Although official app stores are the safest way to find and download new software on your smartphone, they are not without flaws. The Google Play Store has safeguards in place to weed out malicious apps, but occasionally some manage to sneak past undetected. Thirty five such applications have just been discovered hidden on the Play Store: if you have downloaded any on your Android device, delete them now.
Cybersecurity technology company Bitdefender released a report on Wednesday, August 17, identifying a new batch of 35 malicious apps on the Play Store. These apps are aggressive in their deception—they trick users into downloading them, each pretending to be an app that the average android user might like to use. However, once the user installs the app, it changes its name and app icon to remain hidden on the device.
Many switch the icon to the one associated with Settings and make themselves an alias for the real Settings app. When you open the fake app, it finally opens the real settings making you believe that it is a legit settings app. These apps will also hide from recent apps lists, making them even harder to spot during routine use.
The purpose of these apps is to serve you an obnoxious amount of advertisements: apart from annoying you, these ads generate revenue for the developers of the malicious apps. Worse still, the developers run these ads from their own framework, which bypasses the protections usually implemented by Android. This allows developers to link to malware via these ads, which increases the danger.
Bitdefender discovers these types of applications using real-time behavioral technology that identifies applications using practices known to be associated with counterfeit or malicious software.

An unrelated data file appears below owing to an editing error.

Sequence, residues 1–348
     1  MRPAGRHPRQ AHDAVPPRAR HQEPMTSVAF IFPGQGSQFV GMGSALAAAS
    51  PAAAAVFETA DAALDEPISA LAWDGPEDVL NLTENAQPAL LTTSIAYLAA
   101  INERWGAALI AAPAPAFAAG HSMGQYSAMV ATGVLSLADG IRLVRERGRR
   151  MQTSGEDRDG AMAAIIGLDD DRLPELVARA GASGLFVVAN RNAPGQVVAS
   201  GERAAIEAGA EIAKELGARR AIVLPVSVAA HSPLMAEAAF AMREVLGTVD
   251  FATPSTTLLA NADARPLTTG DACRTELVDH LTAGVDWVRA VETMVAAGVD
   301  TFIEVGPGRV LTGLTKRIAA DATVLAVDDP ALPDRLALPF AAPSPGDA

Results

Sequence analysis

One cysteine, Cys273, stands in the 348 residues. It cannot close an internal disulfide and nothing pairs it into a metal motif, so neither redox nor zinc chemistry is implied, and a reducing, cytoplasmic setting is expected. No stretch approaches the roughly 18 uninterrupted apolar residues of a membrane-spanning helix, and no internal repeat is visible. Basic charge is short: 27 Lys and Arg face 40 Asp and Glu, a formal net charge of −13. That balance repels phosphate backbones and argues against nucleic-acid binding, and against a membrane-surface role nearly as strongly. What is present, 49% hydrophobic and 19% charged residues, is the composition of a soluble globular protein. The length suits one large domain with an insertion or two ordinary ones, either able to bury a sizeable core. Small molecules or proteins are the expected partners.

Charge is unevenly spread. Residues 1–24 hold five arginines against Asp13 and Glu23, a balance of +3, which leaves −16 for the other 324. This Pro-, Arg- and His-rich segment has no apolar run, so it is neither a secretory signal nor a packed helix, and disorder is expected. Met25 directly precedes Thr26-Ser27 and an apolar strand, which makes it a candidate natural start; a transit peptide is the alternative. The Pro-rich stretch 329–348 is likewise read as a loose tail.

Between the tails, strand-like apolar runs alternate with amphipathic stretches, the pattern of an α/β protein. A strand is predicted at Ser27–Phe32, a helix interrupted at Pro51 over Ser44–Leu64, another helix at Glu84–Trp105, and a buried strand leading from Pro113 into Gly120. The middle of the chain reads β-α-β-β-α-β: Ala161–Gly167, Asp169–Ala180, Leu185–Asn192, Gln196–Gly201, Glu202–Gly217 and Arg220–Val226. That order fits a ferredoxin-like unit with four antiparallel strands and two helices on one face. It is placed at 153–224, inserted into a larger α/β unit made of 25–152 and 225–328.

Below is the full list of applications discovered in the report, compiled by Tom’s Guide. If you have downloaded any of these apps on your device, remove it immediately. Of course, apps may have changed names and app icons, which means you’ll need to be diligent in your investigations: look for any apps, such as utility or settings apps, that you know that you didn’t have on your device before.
- Wall Lights – Wallpaper Pack: 100K+
- Large Emoji – Keyboard: 100K+
- Graduate wallpapers – 3D decorations: 100K+
- Engine Wallpapers – Live and 3D: 100K+
- Wallpapers – 4K & HD: 100K+
- EffectMania – Photo Editor: 100K+
- Art Filter – Deep Photo Effect: 100K+
- Fast Emoji Keyboard: 100K+
- Create a sticker for Whatsapp: 100K+
- Math Solver – Camera Wizard: 100K+
- Photopix Effects – Art Filter: 100K+
- Led Theme – Colorful Keyboard: 100K+
- Keyboard – Funny Emoji, Sticker: 50K+
- Smart Wi-Fi: 10K+
- My GPS location: 10K+
- Image distortion camera: 100K
- Art Girls Wallpaper HD: 100K+
- Cat Simulator: 50K+
- Smart QR Creator: 10K+
- Colorize an old photo: 500+
- GPS locator: 100K
- Girls Art Wallpaper: 10K+
- Smart QR Reader: 50K+
- GPS location maps: 100K
- Volume control: 50K+
- secret horoscope: 10K+
- Smart GPS location: 10K+
- Animated Sticker Master: 100K
- Personality charging show: 100K
- Sleep sounds: 100K
- QR Creator: 10K+
- Multimedia volume slider: 10K+
- Secret Astrology: 10K+
- Colorize photos: 10K+
- Phi Wallpaper 4K – Anime HD: 50K+
How to Avoid Downloading Malware Infected Apps
Malicious apps are deceptive and sneaky, and certainly don’t pose as malicious in the Play Store. However, they often give themselves in different ways. If you keep an eye out for red flags, you can avoid downloading any on your Android device.
If an app has a lot of installs but little to no reviews, avoid it. Bitdefender discovered that an app like GPS Location Maps, with over 100,000 downloads, had zero Comments. On the other hand, if there are any criticisms, study them carefully. If most of them seem badly written, wrong, or even written on another app, that’s a bad sign.
Take note of the permissions an app asks you for. It makes sense for a GPS app to ask for your location, but not your camera and microphone, for example. Also, be on the lookout for apps asking for special permissions. Most apps you download have no reason to ask for accessibility permissions, indicating that some software is trying to do some shady things in the background.
Although the Play Store hosts the most hidden malware-infected apps, it’s not just Android that has to deal with this problem. Researchers have recently discovered a few malicious applications on the iOS and macOS App Stores, a reminder that Apple and Android fans should be vigilant with every app download.